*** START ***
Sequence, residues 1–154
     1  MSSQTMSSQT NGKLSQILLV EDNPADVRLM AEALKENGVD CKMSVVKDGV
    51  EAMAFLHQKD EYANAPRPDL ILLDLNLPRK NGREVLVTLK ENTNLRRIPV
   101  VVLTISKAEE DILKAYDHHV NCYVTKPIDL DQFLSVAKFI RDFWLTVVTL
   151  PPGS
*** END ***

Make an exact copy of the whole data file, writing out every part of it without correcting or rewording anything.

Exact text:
Sequence, residues 1–154
     1  MSSQTMSSQT NGKLSQILLV EDNPADVRLM AEALKENGVD CKMSVVKDGV
    51  EAMAFLHQKD EYANAPRPDL ILLDLNLPRK NGREVLVTLK ENTNLRRIPV
   101  VVLTISKAEE DILKAYDHHV NCYVTKPIDL DQFLSVAKFI RDFWLTVVTL
   151  PPGS